OO Bachmann 74xx 64xx conversion
You can see the open tank support on this image, it was a task I wasn’t looking forward to but James Hilton had announced them in his range of 3D printed kits and components, no further thought was required, two sets ordered immediately!
James Hilton 3D print 74xx tank supports
The other detail on the face of the model to be addressed is replacing the rigid Bachmann buffers with sprung versions, note the removed auto gear housing too.
One of the elements to bring an engine to ‘life’ is to give it something that sets it apart. My two usual areas are glazing and cab doors or shutters. Altering and improving those can give a noticeable difference really quickly.
OO gauge Bachmann 74xx conversion
In the two pictures above you can see the cab rear shutters have been removed for replacing, as has the roof vent. With this model I’ve also opened the cab door and removed the coal load allowing the bunker sides to be thinned and adding etched lamp irons.
Shawplan etched Western Region lamp irons
Yep, it’s 0.5mm drilled and pinned. And moderately ‘sweary’.
So the model is very much reaching that stage where it all comes together, or sits on the shelf doom in the man cave for a year or two, you know how it goes!
Today’s one of the milestones in getting Shelfie2 completed. With little breeze and good drying weather it was time to get the backscene completed. Using a technique suggested and highly effectively used by Chris Nevard, it was time to dig out the spray paints. I’d previously painted the sky and used paper cut outs as below to establish a horizon.
These help me get a feel for the final viewpoint, and establish a feel for a surrounding area ‘outside’ the layouts footprint. The woodlands needed more bulk, whilst retaining a visible structure. Without this background bulk the tree line concept doesn’t reach its full potential.
Five colours are used, a light blue, medium blue, leaf green, and primers of white and grey.
The masking is a strip of card torn to give a long gently varying line. The paints are then sprayed to give the effect on the heading picture, not forgetting a matt lacquer to remove any gloss finish.
Placed behind the trees and wrapped around the ends of the layout the backscene contains the viewer and bounces light back into the model, there’s quite a bit of reflection which helps light up the modelled section.
One element that needed careful consideration was how far the horizon should extend up the height of the backscene. The display is set for an eye level viewpoint and I often find that horizon lines on backgrounds are set too high.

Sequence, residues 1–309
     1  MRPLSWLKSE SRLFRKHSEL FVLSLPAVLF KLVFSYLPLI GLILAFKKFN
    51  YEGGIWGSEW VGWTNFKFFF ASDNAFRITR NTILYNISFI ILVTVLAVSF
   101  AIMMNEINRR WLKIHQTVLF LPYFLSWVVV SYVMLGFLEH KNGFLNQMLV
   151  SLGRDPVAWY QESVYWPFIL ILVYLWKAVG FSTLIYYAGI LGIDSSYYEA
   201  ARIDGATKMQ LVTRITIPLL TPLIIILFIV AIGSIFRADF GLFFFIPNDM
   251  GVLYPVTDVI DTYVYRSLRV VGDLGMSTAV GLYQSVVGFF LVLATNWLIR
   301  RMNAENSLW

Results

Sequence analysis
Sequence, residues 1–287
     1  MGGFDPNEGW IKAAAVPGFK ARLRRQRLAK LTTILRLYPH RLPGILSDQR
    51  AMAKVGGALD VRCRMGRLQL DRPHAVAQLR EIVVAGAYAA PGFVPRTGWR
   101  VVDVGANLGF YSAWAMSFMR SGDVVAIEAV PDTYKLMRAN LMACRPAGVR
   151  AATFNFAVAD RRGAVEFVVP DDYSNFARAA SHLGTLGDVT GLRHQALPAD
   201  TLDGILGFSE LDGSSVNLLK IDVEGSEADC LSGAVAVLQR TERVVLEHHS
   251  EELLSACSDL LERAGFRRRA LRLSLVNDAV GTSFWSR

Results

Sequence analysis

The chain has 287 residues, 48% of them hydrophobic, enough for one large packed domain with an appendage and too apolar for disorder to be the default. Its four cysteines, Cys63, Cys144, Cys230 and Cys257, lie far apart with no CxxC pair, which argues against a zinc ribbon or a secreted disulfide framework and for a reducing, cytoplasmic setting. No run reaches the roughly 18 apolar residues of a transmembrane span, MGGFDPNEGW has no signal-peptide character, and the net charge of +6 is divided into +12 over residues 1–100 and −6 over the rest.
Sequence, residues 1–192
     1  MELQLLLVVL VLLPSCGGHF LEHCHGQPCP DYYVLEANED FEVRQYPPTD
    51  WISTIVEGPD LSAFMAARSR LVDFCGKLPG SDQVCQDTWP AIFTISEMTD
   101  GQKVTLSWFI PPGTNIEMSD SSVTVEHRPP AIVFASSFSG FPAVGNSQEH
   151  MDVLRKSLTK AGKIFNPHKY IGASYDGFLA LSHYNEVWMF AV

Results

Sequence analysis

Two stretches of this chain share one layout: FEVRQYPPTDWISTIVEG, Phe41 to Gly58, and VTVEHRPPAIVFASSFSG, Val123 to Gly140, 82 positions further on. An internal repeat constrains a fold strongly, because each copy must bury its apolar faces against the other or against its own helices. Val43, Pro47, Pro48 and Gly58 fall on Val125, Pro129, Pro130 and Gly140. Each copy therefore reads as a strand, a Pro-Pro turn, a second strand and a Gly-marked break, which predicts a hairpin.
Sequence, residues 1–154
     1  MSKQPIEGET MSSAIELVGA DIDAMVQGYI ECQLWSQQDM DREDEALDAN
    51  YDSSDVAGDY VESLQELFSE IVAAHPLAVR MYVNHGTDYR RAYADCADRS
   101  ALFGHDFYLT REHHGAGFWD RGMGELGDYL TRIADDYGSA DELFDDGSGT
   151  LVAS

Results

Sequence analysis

If you were to ask me how high? My answer would be ‘not as high as you think it should’. The top of the tree line on Shelfie2 is always above the horizon line, this diffuses the join between backscene and model, and the tops of the trees outline against the sky giving a far more realistic appearance.
I’ll leave this backscene in place for a week or two, to decide if I’ve got the balance and colours right. If I haven’t it’ll soon stand out for me and be changed. At the moment it’s looking ok, but I do need to live with it for a while before finally buttoning it all down!
It’s interesting for me to step through the back catalogue of the images of this layouts (Shelfie2) development. The picture above was taken yesterday in natural lighting in our garden. The picture below shows the ‘concept’ I was thinking of and quite sobering that it was some three years ago…
These basic structures helped with the visualisation of the layout. Where I can I like to work full size, you get the real feel for the sight lines and physical volume of the model. One element of suggested plans both on line and in printed media, is that for the given space, the volume of the buildings and structures don’t work. This then causes issues with things like road width and street corner radii, where the bus that’s on the model would need a three point turn to get around a bend in the road! Obviously in the quaint towns, villages and cities of the UK there’s locations where restricted streets are very real, but not as frequent as they would appear to be on some layouts!
This is the far side view of the layout under construction. This view is actually the better side with this landscape and track configuration. What Shelfie2 has taught me this week, is that I should have moved the entire track bed to a different angle, and an inch or two closer to the viewer in the above image.
This is the viewpoint that works best, at this time I was using manual couplings, so a forward tree line wasn’t very practical.
After deciding the final orientation of the layout filling in the blanks as far as the scenics go was quite straightforward if a little drawn out time wise. The core of the woodland is still based on Woodland Scenics large tree armatures and the scenic break bridge is a scratch built model by Geoff Taylor.
A thought occurred whilst taking this set of images under natural lighting. Simply that with the Dingham auto couplings and a slightly revised track orientation, the surrounding woodland presentation had potential to have been much bolder. And using increased physical volume, far more intrusive into the scene, in a good way.